Introduction to the Barossa Valley

The Barossa Valley is said to be the most recognised wine region name in Australia. It has a great history stretching back to the 1840s, has a large number of wineries, vineyards and tourist facilities, is scenically picturesque and its climate is welcoming to visitors almost any time of the year.

Barossa shiraz is one of Australia’s most widely enjoyed styles of wine, and most distinctive, with its plush, ripe, generous flavour and inviting suppleness.

It claims to have the longest unbroken lineage of wine growing and winemaking families in Australia, with some now into their seventh generation. If South Australia is the ‘wine state’, with 52% of the total vineyard area, the Barossa is its heart. It’s been the home or headquarters of many of the most important wine companies since the early 20th century. The names Seppelt, Penfolds, Henschke, Gramp (Orlando), Hill Smith (Yalumba) and many others are synonymous with the Barossa. There are about 550 grape-growers and 170 wineries.

German-speaking Silesians were prominent among the early white settlers who planted vines, and their culture is still very much alive in the Barossa today. It is preserved in place names such as Langmeil, Krondorf, Gomersal, Siegersdorf, Kaiser Stuhl and Hoffnungsthal, in traditional foods such as Barossa mettwurst and smoked bacon, brass bands and lederhosen seen on festive days. Some of the older residents still speak ‘Barossa Deutsch’.

Barossa shiraz is one of Australia’s most widely enjoyed styles of wine, and most distinctive, with its plush, ripe, generous flavour and inviting suppleness. It’s no surprise that red grapevines are 90% of the Barossa vineyard, 62% of them shiraz.

The Barossa wine story began at a time when fortified wine was king: sweet ‘sherry’, ‘port’, muscat, etc. As tastes changed and dry white wines were increasingly in demand, the Eden Valley became the source of white grapes which needed a cooler, more humid climate. Riesling prospers in this higher altitude, and indeed riesling is the most widely planted variety, with 33% of the total area.

In Australia’s Geographical Indications law, the word Barossa by itself means a zone, and the zone consists of two regions, Barossa Valley and Eden Valley.

The Barossa Valley is lower in altitude and has in recent times re-focused strongly on red grapevines, while its wineries tend increasingly to source their whites from the Eden Valley, Adelaide Hills or Clare Valley. Cooler temperatures in Eden Valley mean later harvest dates, higher acidity and different flavours from the Barossa proper.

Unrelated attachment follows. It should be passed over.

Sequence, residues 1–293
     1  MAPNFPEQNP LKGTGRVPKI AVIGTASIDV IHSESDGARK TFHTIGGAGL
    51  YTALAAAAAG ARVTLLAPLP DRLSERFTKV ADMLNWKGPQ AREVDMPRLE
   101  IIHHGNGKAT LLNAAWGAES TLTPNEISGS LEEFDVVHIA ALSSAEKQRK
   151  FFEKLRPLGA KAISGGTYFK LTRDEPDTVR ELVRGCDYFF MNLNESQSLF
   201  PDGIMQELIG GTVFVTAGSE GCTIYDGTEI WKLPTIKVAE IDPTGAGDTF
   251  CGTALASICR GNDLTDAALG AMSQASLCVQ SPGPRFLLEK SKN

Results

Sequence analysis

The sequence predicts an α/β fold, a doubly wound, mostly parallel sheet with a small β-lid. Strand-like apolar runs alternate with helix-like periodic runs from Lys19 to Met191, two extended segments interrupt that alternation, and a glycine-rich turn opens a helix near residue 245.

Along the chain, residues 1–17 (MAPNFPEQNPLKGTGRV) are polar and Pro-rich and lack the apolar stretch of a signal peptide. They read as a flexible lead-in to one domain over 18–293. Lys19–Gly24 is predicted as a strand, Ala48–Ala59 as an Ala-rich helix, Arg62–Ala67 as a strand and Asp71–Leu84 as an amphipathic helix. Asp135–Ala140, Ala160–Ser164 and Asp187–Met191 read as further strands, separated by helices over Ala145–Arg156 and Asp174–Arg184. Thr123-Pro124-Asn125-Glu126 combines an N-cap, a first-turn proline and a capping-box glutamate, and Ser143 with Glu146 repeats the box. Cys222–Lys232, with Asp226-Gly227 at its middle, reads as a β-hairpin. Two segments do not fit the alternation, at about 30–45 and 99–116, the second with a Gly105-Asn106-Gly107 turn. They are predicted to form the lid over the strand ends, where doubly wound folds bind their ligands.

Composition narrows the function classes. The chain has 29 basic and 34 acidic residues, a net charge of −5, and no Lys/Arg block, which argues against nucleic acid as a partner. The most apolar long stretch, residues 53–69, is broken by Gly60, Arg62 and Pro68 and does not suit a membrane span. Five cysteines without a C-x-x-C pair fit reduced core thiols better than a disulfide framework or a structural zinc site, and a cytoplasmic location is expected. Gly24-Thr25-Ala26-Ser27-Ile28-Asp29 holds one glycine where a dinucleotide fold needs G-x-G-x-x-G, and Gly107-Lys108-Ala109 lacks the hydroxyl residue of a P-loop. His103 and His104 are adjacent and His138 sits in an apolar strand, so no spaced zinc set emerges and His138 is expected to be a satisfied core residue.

The Barossa ‘floor’—as it’s often referred to—offers warm, sunny weather with consistent ripening for varieties that need heat and sun, such as shiraz, grenache and mataro/mourvèdre. These include other Mediterranean varieties such as tempranillo, cinsault, viognier, marsanne, roussanne and southern Italian varieties like sangiovese, fiano, vermentino and nero d’avola, which are increasingly cultivated.

Far from being a staid region with only cobwebby old wineries, the Barossa has a lot of new and younger winemakers doing innovative things.

Far from being a staid region with only cobwebby old wineries, the Barossa has a lot of new and younger winemakers doing innovative things. Shobbrook, Jauma, Sami-Odi, Head Wines, Atze’s Corner, Ruggabellus, Frederick Stevenson, Small Fry, Tomfoolery, Yelland & Papps, Chaffey Bros and (not so new) Spinifex, Max & Me, David Franz, Hayes Family, Hentley Farm and Sons Of Eden are a few of them. At the same time, next-generation winemakers are on the job, including Tim Duval at John Duval Wines, Luke Powell at Powell & Son, Trent Burge at Barossa Boy.

The Barossa has managed to largely preserve its atmosphere and special character, at the same time updating its tourist amenities. There are smart places to stay, such as The Louise at Marananga, and the Barossa Novotel at Rowland Flat, and excellent restaurants. These include Vintners Bar & Grill at Angaston, Hentley Farm, Appellation at The Louise, Fino at Seppeltsfield, Musque and FermentAsian in Tanunda. The winemakers’ secret place is Joanne’s Café at the Vineyards Motel opposite Vintners.

Winery cellar doors continue to be upgraded and there are several venerable ‘showpiece’ wineries that no first-time visitor should miss: Seppeltsfield, Château Tanunda and Yalumba to name just three. At the other end of the scale, the new Artisans of Barossa cellar door in Tanunda showcases eight boutique producers.

Barossa Valley

Vital Statistics (2020)
Total vine area11,610 hectares
Colour ratio90% red varieties (national average is 64% red)

 

Grape VarietyPercentage Planted
Shiraz62%
Cabernet sauvignon13%
Grenache6%
Chardonnay4%
Semillon2%

Eden Valley

Vital Statistics (2020)
Total vine area2,170 hectares
Colour ratio53% red varieties

 

Grape VarietyPercentage Planted
Riesling33%
Shiraz26%
Chardonnay10%
Cabernet sauvignon7%
Pinot gris/grigio5%

Climate statistics

Growing season (October to April):

Barossa Valley
Altitude112-597 metres (the majority at the lower end)
Mean January temperature21.4°C
Heat degree days1710
Average rainfall160mm
Relative humidity at 3pm39%

 

Eden Valley
Altitude217-630 metres (99% are above 280m)
Mean January temperature19.4°C
Heat degree days1380
Average rainfall280
Relative humidity at 3pm44%

 


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